Odisha polls: Once a powerhouse, the Congress is now a faceless entity in the state
The first signs of Congress losing ground in Odisha came ironically with its winning the state elections in 1995. Between 2000 and 2014, its vote share in assembly elections has steadily fallen from 35% to 25%, and its local leadership has changed as many as seven times. The Congress, however, has been in a state of denial and delusion, letting degeneration set incolumns Updated: Feb 26, 2017 13:29 IST
What is wrong with the Congress? For one last time, I thought of asking that question just as the party had to bite the dust in yet another election – the panchayat polls in Odisha. According of the unofficial results, the Congress won just 66 of the 849 zilla parishad seats where elections were held, while the BJP saw its tally grow nearly 9-fold from 36 in the last elections to 306, riding on the growing dissatisfaction against chief minister Naveen Patnaik’s Biju Janata Dal.
The BJD still won the majority of seats, but with a narrower margin compared to 2012 when it had won 651 seats.
Last week, I wrote about how the BJP catapulted itself from a marginal player in Odisha’s politics to taking the effective space of principal opposition. In this edition of Deep Cut, I look at why and how the Congress not only missed the opportunity, but also precipitated its decline in the state that it once ruled for decades.
There can be no better example than Odisha to demonstrate the 3D syndrome — denial, delusion and degeneration — that has been ailing India’s grand old party.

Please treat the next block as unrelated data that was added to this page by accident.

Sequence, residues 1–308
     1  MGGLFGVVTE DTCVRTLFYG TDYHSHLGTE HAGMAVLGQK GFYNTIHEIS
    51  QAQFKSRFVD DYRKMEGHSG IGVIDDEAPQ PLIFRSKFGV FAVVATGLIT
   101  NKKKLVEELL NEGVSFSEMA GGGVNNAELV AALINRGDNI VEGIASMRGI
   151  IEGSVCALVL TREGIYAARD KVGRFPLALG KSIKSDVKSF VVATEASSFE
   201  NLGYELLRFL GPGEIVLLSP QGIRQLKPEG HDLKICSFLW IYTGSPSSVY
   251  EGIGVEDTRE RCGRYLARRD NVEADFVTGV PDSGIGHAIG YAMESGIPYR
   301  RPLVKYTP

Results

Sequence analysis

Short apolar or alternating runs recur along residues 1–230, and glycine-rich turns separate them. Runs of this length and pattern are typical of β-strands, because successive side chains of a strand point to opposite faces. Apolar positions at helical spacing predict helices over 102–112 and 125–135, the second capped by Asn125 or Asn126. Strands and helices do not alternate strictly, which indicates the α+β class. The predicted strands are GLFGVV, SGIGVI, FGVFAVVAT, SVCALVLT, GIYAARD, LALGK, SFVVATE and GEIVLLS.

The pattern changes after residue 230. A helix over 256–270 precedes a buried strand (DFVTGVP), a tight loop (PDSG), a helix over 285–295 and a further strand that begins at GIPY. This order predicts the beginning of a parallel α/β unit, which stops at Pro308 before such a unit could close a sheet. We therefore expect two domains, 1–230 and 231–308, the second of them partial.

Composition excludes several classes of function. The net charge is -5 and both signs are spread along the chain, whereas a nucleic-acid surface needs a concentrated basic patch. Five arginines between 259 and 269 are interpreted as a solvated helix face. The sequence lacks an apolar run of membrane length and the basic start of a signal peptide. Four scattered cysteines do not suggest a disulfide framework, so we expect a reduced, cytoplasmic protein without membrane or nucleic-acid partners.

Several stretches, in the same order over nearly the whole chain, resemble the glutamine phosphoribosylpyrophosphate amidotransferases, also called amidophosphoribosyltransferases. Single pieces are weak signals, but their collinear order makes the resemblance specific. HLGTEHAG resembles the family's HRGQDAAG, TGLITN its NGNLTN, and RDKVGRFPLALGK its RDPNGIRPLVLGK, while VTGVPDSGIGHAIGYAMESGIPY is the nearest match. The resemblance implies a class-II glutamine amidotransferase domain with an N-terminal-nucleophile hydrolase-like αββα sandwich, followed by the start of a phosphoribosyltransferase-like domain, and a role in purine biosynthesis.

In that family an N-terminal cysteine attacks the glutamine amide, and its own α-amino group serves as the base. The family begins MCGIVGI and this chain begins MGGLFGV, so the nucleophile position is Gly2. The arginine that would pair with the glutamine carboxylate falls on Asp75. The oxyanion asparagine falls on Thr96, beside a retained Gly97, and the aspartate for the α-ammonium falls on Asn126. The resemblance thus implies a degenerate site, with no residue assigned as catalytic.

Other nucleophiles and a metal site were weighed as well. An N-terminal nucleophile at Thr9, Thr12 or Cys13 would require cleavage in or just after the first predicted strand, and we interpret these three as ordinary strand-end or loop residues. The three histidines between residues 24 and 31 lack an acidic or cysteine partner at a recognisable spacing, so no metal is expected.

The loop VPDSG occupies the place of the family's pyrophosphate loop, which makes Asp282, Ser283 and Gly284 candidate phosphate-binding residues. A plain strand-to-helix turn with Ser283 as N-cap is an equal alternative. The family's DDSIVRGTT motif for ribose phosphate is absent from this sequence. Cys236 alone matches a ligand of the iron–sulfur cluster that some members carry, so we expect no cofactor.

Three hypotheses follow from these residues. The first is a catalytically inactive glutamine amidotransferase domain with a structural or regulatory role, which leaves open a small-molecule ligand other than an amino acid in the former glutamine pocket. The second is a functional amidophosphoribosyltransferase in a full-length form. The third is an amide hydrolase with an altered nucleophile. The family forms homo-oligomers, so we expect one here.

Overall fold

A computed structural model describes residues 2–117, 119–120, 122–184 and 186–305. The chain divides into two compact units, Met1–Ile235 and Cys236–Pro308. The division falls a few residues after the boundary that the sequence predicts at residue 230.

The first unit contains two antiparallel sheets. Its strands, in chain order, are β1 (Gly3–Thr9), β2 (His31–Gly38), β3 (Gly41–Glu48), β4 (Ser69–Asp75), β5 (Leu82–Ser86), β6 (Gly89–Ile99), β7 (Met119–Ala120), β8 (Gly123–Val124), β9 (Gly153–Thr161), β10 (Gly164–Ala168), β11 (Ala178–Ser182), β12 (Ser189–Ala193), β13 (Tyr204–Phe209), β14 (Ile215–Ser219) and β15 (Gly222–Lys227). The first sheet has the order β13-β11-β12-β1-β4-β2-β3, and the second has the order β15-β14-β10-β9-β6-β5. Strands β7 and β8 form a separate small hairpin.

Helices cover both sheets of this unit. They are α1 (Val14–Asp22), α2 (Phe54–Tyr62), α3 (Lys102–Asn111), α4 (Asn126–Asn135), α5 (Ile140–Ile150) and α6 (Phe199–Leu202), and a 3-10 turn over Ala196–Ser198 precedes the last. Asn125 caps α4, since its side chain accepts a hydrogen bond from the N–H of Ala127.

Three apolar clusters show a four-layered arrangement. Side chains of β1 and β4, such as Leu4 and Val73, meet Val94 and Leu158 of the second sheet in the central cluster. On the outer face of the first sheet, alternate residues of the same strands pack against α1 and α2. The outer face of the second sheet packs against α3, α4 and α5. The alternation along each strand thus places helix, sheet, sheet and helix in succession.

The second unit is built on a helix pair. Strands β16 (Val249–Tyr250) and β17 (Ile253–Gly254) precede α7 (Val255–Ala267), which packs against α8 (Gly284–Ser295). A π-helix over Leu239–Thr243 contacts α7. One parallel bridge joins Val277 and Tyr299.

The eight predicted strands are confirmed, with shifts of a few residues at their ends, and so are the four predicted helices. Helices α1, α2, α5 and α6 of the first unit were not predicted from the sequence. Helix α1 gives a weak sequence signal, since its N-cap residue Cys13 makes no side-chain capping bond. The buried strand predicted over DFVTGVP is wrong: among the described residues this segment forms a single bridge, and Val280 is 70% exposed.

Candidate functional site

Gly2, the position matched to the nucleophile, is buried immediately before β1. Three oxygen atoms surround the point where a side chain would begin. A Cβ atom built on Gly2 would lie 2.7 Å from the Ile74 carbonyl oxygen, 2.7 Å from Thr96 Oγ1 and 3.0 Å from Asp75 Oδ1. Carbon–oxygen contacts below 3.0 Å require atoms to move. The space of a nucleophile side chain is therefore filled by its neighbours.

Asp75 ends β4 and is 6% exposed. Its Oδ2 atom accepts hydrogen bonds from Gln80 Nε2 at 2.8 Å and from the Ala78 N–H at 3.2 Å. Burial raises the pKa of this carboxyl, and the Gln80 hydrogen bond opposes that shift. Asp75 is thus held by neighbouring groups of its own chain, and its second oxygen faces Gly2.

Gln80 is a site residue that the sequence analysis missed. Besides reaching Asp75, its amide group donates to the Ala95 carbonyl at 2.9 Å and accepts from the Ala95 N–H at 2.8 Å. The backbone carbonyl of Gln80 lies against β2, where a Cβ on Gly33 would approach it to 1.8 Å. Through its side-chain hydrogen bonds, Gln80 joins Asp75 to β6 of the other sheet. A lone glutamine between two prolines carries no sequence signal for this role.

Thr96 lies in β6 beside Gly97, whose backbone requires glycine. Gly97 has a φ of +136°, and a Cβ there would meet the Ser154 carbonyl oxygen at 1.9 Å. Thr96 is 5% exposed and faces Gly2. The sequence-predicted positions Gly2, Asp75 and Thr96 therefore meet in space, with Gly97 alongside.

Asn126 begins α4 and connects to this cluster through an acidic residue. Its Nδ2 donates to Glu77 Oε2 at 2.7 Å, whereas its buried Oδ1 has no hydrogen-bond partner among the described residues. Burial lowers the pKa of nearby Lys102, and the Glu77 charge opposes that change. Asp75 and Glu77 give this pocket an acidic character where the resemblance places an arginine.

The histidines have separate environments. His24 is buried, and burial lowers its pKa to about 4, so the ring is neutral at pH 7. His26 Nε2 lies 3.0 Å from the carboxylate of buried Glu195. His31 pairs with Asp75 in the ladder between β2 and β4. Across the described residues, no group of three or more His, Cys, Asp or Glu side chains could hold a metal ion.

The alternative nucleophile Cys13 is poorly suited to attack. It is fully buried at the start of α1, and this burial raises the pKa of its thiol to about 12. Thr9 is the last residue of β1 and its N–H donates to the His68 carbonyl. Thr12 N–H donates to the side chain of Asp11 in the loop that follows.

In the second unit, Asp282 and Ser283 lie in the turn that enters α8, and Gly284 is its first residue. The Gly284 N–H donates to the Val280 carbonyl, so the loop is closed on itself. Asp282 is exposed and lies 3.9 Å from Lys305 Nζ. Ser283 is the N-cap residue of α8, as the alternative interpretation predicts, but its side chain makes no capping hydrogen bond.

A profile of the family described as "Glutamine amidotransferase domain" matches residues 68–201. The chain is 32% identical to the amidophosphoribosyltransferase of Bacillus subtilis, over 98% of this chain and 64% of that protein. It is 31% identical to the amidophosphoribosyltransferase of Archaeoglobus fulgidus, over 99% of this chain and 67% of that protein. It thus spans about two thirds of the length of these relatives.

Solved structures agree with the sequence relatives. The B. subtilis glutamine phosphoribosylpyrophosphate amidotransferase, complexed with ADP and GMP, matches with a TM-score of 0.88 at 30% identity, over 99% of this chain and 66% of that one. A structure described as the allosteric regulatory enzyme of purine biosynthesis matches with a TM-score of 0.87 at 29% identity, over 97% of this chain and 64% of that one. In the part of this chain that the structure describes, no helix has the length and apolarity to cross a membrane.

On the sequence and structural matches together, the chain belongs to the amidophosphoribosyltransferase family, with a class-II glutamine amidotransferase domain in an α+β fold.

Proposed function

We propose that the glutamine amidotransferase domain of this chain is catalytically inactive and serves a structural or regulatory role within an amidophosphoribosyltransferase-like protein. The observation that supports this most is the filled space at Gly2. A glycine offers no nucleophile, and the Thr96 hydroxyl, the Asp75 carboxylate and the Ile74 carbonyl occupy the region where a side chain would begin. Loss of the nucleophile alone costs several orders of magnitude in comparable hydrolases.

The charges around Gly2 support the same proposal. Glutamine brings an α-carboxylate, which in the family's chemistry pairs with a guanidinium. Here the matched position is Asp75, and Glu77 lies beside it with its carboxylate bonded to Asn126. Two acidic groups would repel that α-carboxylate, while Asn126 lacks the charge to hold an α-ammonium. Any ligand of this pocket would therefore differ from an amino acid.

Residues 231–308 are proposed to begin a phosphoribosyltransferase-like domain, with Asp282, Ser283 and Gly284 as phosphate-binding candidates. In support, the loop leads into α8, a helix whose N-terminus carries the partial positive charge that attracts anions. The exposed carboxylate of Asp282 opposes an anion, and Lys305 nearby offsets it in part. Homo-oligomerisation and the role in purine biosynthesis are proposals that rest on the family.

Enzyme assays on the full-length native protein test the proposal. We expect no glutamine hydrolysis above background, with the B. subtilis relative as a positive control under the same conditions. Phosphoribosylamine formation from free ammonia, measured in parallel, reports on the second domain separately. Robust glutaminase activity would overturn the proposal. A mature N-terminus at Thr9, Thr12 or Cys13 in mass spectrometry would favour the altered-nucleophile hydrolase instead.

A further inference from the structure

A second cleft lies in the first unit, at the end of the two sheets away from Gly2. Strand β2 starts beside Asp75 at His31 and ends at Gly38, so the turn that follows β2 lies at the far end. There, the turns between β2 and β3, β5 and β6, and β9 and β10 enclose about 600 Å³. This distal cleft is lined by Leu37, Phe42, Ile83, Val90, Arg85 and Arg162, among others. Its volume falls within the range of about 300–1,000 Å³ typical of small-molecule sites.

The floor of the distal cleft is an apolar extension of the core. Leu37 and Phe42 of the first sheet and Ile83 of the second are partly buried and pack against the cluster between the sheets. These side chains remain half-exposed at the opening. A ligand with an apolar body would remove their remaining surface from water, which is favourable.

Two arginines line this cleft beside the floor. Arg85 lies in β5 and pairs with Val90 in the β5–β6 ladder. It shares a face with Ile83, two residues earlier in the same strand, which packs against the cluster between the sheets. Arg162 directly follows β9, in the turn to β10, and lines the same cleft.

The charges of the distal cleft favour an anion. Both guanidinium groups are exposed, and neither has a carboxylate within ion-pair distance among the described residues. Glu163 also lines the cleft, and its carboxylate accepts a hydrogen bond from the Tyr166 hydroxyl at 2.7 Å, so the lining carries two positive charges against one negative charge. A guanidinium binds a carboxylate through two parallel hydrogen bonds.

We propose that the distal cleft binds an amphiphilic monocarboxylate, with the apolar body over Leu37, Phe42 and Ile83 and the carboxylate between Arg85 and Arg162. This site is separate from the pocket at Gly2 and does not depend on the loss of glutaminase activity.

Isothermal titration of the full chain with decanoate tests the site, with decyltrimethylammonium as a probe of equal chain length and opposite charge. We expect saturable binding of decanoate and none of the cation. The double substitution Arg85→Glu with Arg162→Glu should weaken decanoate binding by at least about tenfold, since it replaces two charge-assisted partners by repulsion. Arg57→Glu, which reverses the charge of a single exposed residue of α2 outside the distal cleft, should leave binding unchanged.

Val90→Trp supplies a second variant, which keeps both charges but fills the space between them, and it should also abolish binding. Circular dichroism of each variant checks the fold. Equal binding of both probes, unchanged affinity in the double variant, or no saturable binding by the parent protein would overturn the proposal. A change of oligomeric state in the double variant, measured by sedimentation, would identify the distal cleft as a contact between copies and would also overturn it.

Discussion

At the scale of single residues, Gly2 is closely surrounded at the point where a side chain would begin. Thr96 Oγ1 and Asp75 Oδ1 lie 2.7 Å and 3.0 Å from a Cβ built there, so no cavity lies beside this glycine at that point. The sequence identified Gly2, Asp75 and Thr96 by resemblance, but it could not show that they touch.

The first signs of the Congress losing ground in Odisha came ironically with its winning the state elections in 1995 with a slender majority and a vote share less than 40% in a mostly bipolar contest. Janaki Ballabh Patnaik became the chief minister, but he never enjoyed the confidence of the party’s central leadership, which wanted to promote a tribal leader.
The intent was noble, but no politician from western Odisha had evolved enough to provide effective leadership at the state level. Patnaik was replaced by Giridhar Gamang, a nine-time MP from Koraput, but he failed to administer the state as also to counter the formidable opposition that was building up through an alliance of the BJP and BJD. The latter would then go on to deliver a humiliating defeat to the Congress in the elections held a year later, 2000, marking the beginning of a downhill journey that got worse with each passing election in the state.
Sample this: Between 2000 and 2014, the party’s vote share in the Odisha assembly elections has steadily fallen from 35% to 25%, its local leadership has changed as many as seven times and not one leader has emerged to be considered a potential chief minister. Its strength in the 147-seat assembly has dwindled to just 16 and it couldn’t get a single MP elected from any of the 21 Lok Sabha seats in Odisha. The number of assembly seats in which its candidates forfeited their deposits increased from seven in 2000 to 40 in 2014, meaning in one out four assembly seats the party couldn’t win one-sixth of the votes polled.
And all this while, the party has been in a state of denial and delusion, letting degeneration set in. Its leaders neither understand the politics of the state nor have they cared to fix the issues flagged by local party workers. The outcome of the panchayat polls showed that the rot has set in at every level. If Naveen Patnaik took advantage to expand his party’s footprint in the past one-and-a-half decades, it is now the BJP’s chance to make the most of it.
As a disillusioned Congress worker from the state told this writer, people in Odisha are ready to vote against Naveen, but you need to ask them to vote for you and there is no one from the Congress to ask for votes. That is a story that holds true for the Congress not just in Odisha but in many parts of the country.
The author is Chief Content Officer, Hindustan Times.
Follow the author @rajeshmahapatra